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Peformance of Ann, Aida, May, 2019, with Scare the Horses. Benjamin J. Borley.

A performance reading of a collection of short stories on song. Aida, Ann and May make a historical fiction of three solo unaccompanied singers: a ballad singer, a keener and a folk revivalist.

Through lyrical new writing these tales place singing as a role in society, entwine the body with song and keep close to death and remembering. What happens to us when we sing? and what is the purpose of song? Hannah sings folk songs between the stories.

Audience responses:

‘Beautifully delivered, thoughtful and unusual performance’
‘Powerful evocation of person and place’
‘Fresh, immediate and quietly informative’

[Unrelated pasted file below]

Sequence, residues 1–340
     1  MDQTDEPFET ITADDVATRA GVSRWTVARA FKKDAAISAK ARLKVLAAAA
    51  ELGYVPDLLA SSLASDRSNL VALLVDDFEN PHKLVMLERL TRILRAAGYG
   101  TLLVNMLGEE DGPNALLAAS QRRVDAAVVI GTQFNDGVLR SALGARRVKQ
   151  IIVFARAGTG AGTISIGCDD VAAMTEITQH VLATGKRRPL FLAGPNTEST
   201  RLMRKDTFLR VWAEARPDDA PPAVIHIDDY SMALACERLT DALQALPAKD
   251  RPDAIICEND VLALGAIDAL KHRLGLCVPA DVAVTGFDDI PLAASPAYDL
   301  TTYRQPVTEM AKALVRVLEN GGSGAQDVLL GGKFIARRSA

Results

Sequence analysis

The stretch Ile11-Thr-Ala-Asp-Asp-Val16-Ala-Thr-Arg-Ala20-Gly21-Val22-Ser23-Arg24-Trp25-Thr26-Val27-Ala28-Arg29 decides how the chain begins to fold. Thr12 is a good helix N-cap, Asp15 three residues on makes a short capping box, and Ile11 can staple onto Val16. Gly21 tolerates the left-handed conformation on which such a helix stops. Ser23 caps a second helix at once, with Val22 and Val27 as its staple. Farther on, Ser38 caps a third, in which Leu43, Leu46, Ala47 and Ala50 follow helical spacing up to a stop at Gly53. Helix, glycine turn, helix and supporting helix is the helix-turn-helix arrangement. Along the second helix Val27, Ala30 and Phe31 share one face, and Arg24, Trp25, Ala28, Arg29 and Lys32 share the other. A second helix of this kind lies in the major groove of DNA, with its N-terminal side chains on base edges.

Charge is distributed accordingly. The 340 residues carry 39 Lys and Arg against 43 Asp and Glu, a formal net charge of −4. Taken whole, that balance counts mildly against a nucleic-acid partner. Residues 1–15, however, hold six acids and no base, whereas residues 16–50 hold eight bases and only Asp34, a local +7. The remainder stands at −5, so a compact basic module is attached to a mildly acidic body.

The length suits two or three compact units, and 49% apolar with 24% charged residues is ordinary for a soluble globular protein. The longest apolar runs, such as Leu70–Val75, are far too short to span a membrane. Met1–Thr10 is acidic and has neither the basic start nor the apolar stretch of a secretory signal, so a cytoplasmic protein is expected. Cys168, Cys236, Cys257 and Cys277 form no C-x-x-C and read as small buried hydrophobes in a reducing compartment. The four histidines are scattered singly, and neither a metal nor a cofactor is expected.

‘Relaxed yet richly textured’

This writing was inspired by research into late 18th century English execution ballads, the tradition of keening in Ireland, and personal experience of singing in the folk club. Made with the support of CPT, the MGC Futures bursary, Wainsgate Chapel. And the Culture Capital Exchange who supported a research period into the purpose of song and how singing transforms us, entitled 'The Singer and The Listener' in collaboration with Dr Una Mcllvenna.

I decided to go to Inis Mor when I listened to the BBC Radio programme ‘Songs for the dead’, a show exploring the tradition of keening in Ireland. In this programme the narrator travels to Inis Mor, believed to be the last location of professional keeners.

- Extract from blog ‘Inis Mor’

Chant, mantra, ballad, recital. There is a constellation between the voice, the word, and the belief. We turn over the words, they grow with our voice. The song allows the subject to be renewed. By singing it is put into the present.

- Extract from blog 'The Song, The Singer and The Listener'

Previous performances:
September 2019, Camden Peoples Theatre, London
Friday 22nd November, The Hourglass, Exeter, with Scare The Horses.

Close up of table set for Aida, Ann, May; three stories and three bells.